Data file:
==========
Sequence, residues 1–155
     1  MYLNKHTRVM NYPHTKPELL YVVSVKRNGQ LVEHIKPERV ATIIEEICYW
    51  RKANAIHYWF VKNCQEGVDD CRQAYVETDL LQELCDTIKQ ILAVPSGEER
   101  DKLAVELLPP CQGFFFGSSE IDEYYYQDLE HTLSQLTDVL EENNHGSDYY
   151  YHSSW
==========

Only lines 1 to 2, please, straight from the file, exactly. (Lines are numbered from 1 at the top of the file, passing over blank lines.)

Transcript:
Sequence, residues 1–155
     1  MYLNKHTRVM NYPHTKPELL YVVSVKRNGQ LVEHIKPERV ATIIEEICYW